It isn’t something that comes to mind immediately, but keeping debris off our roads and out of ditches and culverts has a profound impact on the amount of pollutants entering the Chesapeake Bay watershed. SHA’s preventative maintenance programs, such as sweeping, grass swales and stormwater management ponds, are strategically planned to minimize the accumulation of debris throughout the year and are designed to support Maryland’s commitment to the Chesapeake Bay Protection and Restoration Executive Order
and to the Total Maximum Daily Loads (TMDL) established under Section 303(d) of the Clean Water Act
. (TMDL is a calculation of the maximum amount of a pollutant that a body of water can receive daily and still safely meet water quality standards.)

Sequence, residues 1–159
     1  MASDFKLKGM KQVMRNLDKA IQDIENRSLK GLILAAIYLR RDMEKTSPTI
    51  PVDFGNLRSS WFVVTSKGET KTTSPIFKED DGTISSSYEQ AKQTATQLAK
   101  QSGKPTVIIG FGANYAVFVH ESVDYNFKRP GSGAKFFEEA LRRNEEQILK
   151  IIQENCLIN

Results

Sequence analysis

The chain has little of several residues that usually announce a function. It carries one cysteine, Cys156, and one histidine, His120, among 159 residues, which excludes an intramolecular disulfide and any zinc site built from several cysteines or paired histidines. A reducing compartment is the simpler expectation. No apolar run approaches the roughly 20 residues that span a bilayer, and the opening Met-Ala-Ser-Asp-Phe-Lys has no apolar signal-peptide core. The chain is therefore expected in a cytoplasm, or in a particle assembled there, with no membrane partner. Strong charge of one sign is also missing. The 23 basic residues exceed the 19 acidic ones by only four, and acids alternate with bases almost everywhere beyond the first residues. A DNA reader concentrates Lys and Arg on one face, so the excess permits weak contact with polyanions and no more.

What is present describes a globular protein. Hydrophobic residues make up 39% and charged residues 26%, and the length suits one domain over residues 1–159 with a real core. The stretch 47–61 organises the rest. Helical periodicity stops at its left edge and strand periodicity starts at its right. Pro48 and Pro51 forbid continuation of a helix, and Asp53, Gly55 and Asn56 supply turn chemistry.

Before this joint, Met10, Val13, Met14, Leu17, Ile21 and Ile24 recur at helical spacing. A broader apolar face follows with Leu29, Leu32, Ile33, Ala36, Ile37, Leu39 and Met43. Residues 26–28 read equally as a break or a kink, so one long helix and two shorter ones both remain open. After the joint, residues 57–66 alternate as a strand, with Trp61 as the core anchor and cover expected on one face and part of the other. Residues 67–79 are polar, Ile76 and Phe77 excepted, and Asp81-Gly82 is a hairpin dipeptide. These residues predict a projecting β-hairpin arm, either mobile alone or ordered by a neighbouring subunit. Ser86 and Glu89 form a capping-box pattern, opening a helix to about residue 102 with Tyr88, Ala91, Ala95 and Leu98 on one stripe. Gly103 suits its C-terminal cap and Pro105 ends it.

Routine ditch and culvert cleaning (and maintenance) assures proper water flow, protects structures and lessens the likelihood of flooding. In many cases, special care is taken to prevent erosion and sediment damage, as well as protect aquatic life in streams and rivers.
Roadway debris (things like dirt, small rocks, and greasy residues) can interfere with the drainage of storm water, allowing unnecessary pollutants to enter Maryland waters. In addition, debris can become airborne – a potential safety threat for motorists, pedestrians and bicyclists. SHA sweeps sections of roadway along curbs to minimize debris.
Sweeper Truck: Frederick County 2012